Already this year, the NBA has provided some amazing statistical performances (Amare’s 49 points on 17-21 from the field and 15-15 from the line and Parker’s 55 points/10 dimes). Last night, Dwight Howard had his first career triple double and it was of the rarer point/rebound/block variety. Howard’s line: 30 points/19 boards/10 blocks. This was the first P/R/B triple double that included 30 or more points since The Dream notched one during the 95-96 season. As amazing as Howard’s game was, it is not the most impressive game in the Magic’s short franchise history–that has to belong to Shaq, who in a game in the 93-94 campaign recorded 24 points/28(!) rebounds/15(!) blocks. It is sometimes hard to remember how dominant Shaq was after watching him struggle up and down the court last year in Phoenix’s run-and-gun offense (he and his cardiologist must have been the most excited, and relieved, people in Phoenix when D’Antoni left).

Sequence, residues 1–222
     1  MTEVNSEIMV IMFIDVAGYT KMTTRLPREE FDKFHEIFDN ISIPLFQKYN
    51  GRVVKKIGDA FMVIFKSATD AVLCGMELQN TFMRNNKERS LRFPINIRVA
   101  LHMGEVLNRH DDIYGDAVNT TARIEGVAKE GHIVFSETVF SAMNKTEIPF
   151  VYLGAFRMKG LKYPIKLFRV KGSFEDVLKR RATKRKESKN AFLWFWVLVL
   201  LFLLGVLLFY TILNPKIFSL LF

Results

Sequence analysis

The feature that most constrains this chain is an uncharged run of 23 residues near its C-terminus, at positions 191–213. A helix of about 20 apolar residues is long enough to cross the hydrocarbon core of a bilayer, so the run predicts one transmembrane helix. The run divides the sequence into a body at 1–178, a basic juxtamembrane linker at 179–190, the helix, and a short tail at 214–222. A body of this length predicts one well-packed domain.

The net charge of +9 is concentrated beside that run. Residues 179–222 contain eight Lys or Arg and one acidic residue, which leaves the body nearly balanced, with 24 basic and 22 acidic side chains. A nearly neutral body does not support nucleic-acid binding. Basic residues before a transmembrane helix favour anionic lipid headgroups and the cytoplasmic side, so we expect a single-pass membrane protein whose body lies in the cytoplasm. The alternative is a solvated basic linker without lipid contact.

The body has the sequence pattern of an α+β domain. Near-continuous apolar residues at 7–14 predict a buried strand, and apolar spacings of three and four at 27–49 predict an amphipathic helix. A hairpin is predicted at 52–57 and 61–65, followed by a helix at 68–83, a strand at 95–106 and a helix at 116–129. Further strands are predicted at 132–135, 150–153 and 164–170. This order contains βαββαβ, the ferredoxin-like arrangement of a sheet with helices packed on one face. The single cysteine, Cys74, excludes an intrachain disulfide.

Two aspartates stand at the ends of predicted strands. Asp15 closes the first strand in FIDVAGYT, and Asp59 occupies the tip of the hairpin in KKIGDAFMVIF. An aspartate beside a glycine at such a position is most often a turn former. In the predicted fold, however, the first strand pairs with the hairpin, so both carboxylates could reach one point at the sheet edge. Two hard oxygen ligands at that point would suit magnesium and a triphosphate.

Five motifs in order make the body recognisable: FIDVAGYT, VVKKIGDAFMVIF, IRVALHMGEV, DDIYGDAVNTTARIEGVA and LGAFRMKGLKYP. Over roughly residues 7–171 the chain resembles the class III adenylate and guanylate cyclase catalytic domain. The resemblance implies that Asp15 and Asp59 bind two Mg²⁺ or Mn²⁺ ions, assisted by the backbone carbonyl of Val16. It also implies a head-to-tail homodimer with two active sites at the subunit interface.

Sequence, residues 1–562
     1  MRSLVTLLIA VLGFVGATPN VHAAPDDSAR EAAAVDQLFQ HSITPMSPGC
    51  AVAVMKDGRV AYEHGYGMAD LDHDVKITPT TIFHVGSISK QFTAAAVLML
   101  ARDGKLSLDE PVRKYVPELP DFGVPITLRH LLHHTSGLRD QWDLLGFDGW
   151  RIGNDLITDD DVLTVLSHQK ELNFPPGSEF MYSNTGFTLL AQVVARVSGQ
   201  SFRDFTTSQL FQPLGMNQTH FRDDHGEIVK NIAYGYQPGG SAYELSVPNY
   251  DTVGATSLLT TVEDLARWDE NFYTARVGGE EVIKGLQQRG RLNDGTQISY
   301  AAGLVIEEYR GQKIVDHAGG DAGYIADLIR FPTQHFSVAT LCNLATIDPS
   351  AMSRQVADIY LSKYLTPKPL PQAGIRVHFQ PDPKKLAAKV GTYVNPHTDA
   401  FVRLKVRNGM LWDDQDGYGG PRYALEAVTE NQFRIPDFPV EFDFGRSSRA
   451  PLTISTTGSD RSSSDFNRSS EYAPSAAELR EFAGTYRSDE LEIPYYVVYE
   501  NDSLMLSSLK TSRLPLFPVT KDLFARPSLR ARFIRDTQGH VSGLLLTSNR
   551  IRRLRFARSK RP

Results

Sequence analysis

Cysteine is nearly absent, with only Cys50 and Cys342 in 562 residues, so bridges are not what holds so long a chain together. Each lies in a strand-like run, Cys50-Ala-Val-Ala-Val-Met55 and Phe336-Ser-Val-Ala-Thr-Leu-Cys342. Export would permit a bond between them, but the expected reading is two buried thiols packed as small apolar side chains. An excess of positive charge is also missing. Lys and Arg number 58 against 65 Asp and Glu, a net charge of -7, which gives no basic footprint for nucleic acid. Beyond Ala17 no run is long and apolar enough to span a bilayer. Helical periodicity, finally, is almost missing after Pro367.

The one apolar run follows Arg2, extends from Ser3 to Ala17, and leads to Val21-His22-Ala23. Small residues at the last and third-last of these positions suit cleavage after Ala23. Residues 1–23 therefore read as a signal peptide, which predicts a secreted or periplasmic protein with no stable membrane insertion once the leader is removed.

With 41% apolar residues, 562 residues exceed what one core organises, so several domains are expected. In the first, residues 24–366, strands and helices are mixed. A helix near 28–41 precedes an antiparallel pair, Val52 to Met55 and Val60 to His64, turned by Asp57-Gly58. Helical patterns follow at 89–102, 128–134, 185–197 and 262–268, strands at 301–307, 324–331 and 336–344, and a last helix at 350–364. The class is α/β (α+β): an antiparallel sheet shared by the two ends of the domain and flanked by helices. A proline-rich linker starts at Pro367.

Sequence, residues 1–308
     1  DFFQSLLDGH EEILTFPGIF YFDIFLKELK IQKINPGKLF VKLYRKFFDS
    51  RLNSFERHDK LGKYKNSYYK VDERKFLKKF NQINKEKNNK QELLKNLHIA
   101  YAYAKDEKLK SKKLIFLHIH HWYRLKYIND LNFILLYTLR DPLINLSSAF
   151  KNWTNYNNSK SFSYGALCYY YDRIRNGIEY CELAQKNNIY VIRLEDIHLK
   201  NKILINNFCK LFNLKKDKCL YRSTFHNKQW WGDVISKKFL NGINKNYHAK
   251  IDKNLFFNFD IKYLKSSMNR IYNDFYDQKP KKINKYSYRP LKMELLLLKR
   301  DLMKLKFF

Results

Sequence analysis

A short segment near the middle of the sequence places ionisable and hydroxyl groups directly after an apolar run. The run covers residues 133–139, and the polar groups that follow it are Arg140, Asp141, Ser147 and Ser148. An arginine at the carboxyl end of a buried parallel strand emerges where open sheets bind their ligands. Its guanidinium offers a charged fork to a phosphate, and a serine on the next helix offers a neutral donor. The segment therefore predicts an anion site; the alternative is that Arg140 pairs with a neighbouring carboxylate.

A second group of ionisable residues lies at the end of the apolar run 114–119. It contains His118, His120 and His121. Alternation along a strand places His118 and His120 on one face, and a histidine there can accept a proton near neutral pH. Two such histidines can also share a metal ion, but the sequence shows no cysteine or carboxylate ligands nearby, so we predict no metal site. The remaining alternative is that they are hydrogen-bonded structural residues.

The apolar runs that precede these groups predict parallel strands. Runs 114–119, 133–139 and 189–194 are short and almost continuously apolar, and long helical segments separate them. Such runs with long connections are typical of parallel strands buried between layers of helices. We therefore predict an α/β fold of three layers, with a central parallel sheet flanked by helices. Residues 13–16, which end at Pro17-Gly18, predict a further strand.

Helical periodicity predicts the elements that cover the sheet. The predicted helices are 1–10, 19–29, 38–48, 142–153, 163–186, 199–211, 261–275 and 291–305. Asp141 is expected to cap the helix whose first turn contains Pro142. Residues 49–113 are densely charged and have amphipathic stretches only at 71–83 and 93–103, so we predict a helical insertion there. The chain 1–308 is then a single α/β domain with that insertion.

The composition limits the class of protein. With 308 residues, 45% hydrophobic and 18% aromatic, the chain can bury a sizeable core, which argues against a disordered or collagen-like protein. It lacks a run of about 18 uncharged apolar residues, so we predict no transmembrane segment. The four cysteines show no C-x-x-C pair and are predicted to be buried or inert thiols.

What I would like to see this season is a quadruple double (double figures in at least four of these categories: points, rebounds, assists, blocks and steals), which, much to my surprise, has actually occurred four times–the most recent during the 93-94 season by David Robinson (it should be noted that blocks and steals became official stats in 73-74–who knows how many times Wilt and Russell may have done it (I’m sure Wilt must have done it at least 20,000 times)). Another stat that is rarely seen is the 5 x 5 or High Five (at least five points, rebounds, assists, blocks and steals). In this decade, the 5 x 5 has occurred, appropriately enough, only five times and Andrei Kirilenko (a proud member of this season’s edition of the Cereal Killers) accounts for three of those, including a 6 x 5.